In Trayvon Martin case, historical context points to racial injustice

July 27, 2013 

President Obama was right when he stressed the importance of historical context in his recent White House talk on the Trayvon Martin verdict.

An article titled "The U.S. vs. Trayvon Martin: How the System Worked" by a black University of California, Los Angeles instructor, Robin D.G. Kelley, provides such context:

"Martin died and Zimmerman walked because our entire political and legal foundations were built on an ideology of settler colonialism ... an ideology in which the protection of white property rights was always sacrosanct; predators and threats to these privileges were almost always black, brown, and red; and where the very purpose of police power was to discipline, monitor and contain populations rendered a threat to white property and privilege. This has been the legal standard for African-Americans and other racialized groups in the U.S. long before ALEC (American Legislative Exchange Council) or the NRA (National Rifle Association) came into being. We were rendered property in slavery, and a threat to property in freedom. And during the brief moment in the 1860s and '70s where former slaves participated in democracy, held public offices, and insisted on the rights of citizenship, it was well-armed (white) citizenry that overthrew democratically elected governments in the South, assassinated black political leaders, stripped African-Americans of virtually all citizenship rights ..."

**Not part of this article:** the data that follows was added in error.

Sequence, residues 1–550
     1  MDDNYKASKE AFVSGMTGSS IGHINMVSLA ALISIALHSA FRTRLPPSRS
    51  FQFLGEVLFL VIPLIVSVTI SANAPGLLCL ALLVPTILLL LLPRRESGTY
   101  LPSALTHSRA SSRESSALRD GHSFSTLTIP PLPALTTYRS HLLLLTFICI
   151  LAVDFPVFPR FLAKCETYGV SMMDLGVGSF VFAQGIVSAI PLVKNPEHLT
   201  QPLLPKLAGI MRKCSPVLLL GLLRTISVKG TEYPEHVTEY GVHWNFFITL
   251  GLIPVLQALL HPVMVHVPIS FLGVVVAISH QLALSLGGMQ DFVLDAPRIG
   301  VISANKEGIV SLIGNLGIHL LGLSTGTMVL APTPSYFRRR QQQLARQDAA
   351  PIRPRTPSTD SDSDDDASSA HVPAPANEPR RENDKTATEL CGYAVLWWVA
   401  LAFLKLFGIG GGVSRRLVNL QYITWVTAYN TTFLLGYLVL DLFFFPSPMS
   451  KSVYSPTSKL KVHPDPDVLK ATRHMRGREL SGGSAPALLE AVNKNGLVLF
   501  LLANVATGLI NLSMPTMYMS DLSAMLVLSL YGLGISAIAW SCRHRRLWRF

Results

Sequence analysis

Unequal treatment persists today. John Roman, a senior analyst at the Urban Institute's Justice Policy Center, has found that white people who kill black people in "Stand Your Ground" states are 354 percent more likely to be cleared of murder than a white person who kills another white person in these states.

Data compiled by the Malcolm X Grassroots movement finds that a black person is killed by the state or by state-sanctioned violence every 28 hours. No justice, no peace.

Robert Phillipoff

Bradenton

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